Maybe it's the unbeatable turkey sandwich at Pearl Street Station. Or perhaps it's Granbury Chamber of Commerce ambassador Faye Landham, who invites the newcomers to Music, Massage & Merlot parties at D'Vine Wine Granbury on the historic square. For one reason or another, you'll feel at home here. There's a great biergarten run by German transplants. Lakefront lots offer plenty of homes with views, while wineries, local shops, and Eighteen Ninety Grille and Lounge (known for shrimp and grits) set you mingling with neighbors. A trolley whisks you around town. In a state known for all things big, Granbury likes it small, cozy, and friendly.
Havre de Grace, Maryland
Pronounced "HAV-er-dee-grace," it sits on the banks of the Susquehanna River and the Chesapeake Bay and offers maritime, decoy, and history museums. (Marquis de Lafayette visited and is said to have inspired the name.) Retirees come here for waterfront views, local festivals, and the Bulle Rock Golf Course, which was designed by Pete Dye—not to mention all the fresh seafood you'd expect from a town perched on the Chesapeake Bay.
Hot Springs Village, Arkansas
Roughly twice the size of Manhattan, Hot Springs Village was built with retirees in mind: nine golf courses (from beginner to scratch), 11 recreational lakes (filled with crappie and bass, along with people canoeing and kayaking), 14 pickleball courts, 13 tennis courts, a plethora of pools, saunas, massage therapy opportunities, and a variety of classes. Social clubs (it has about 200 in all) offer like-minded residents bridge, classic cars, quilting, birding, Master Gardening, and plenty more. Enjoy miles of hiking and biking trails. Frequent Hot Springs (about 20 minutes away) for its live horse racing in the spring, historic bathhouses, and casino resort. We hear that Al Capone used to hang out in these parts, but that's history. Besides, your new community is gated.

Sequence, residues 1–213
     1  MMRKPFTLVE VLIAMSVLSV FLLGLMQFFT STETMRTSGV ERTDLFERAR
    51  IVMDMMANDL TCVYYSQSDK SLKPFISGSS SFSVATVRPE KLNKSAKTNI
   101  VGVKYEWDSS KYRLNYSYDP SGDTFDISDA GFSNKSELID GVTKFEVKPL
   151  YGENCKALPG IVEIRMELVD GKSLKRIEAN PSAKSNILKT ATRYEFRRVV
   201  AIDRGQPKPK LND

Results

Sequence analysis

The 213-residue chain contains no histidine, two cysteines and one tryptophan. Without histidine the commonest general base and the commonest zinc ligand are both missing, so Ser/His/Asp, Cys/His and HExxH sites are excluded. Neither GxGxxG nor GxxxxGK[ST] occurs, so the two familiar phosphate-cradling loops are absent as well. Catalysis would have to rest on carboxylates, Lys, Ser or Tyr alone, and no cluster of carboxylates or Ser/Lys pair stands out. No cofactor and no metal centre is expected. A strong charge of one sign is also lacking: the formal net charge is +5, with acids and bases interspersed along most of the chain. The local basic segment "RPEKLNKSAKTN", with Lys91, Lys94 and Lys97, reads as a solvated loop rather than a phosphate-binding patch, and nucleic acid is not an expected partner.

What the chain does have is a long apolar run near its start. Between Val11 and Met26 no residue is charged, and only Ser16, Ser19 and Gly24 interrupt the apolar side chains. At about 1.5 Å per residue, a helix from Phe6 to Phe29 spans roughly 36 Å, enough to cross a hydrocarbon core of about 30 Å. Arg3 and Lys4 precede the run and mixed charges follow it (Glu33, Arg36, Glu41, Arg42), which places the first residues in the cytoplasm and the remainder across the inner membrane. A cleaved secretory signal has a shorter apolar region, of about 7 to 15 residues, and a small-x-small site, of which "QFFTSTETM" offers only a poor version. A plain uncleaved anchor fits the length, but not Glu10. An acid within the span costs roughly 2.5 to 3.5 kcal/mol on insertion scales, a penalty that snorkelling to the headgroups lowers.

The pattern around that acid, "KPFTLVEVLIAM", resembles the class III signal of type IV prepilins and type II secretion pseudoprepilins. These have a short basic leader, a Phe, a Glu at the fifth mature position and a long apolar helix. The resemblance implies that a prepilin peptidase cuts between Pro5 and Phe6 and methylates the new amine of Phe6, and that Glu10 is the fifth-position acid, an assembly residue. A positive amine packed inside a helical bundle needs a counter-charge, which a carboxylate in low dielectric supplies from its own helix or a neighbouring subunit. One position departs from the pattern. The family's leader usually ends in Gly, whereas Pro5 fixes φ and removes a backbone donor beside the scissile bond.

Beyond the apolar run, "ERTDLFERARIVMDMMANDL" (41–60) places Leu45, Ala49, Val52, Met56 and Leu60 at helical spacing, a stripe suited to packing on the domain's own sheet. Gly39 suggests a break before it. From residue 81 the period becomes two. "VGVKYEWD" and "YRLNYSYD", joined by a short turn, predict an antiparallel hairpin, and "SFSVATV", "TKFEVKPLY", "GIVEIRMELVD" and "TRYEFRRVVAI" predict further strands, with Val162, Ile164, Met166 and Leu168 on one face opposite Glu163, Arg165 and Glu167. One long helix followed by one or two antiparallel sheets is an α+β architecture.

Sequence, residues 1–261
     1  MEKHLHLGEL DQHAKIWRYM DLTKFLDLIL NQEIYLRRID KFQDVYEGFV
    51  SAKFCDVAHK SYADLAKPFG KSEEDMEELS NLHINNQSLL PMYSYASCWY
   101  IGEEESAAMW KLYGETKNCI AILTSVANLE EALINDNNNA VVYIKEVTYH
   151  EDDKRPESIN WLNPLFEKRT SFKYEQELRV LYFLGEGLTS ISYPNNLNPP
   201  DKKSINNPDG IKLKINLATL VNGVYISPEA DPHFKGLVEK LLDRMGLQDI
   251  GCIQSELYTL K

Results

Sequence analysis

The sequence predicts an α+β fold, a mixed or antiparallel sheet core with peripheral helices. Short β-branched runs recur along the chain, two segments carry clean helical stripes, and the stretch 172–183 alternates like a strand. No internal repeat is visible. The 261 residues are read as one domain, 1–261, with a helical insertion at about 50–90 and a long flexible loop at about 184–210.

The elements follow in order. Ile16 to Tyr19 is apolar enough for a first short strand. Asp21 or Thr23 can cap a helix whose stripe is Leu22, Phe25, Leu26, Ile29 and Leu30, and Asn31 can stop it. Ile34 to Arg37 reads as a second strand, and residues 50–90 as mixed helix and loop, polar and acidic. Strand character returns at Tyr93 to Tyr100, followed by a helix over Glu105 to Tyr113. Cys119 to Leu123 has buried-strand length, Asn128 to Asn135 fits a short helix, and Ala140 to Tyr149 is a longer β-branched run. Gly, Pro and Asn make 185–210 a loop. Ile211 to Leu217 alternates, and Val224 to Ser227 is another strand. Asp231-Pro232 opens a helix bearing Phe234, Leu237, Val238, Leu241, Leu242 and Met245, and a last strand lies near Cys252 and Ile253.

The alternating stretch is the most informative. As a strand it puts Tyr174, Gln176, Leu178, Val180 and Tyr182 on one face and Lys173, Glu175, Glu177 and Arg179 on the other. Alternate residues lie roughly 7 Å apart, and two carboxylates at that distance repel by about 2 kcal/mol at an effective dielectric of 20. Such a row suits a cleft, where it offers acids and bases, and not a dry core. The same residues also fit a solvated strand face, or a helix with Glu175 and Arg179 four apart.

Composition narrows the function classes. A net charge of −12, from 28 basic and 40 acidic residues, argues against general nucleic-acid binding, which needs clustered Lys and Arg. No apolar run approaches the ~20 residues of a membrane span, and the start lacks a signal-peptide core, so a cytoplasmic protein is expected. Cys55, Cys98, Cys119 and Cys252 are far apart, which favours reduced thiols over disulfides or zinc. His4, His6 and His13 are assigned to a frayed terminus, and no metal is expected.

You're a little over an hour from New Orleans—and in a completely different world. Retire to the beat of Cajun music—the Jolly Inn's dance hall will get you started—and the taste of beignets, spicy gumbo, and crawfish boudin. The annual Rougarou Fest sums up the local culture in a weekend—so does the resplendent family-friendly Mardi Gras celebration. In the impressive Chauvin Sculpture Garden, you can mosey from art to swamp tours in an instant. Drive the coastal wetlands; go birding on nature trails; and fish, fish, fish in this town listed as a Louisiana Certified Retirement Community.
Lewisburg, West Virginia
Does the local barista know your regular order? Lewisburg is everybody-knows-everybody friendly. With its own Carnegie Hall, professional theater, and plenty of good shopping and dining, this town balances its charming Allegheny Mountain culture with the sophistication of The Greenbrier resort just down the road. Lewisburg is over 200 years old, with impressive architecture, including the 236-acre historic district. The Greenbrier River and the Greenbrier River Trail offer outdoor getaways, whether you're paddling, walking, or running.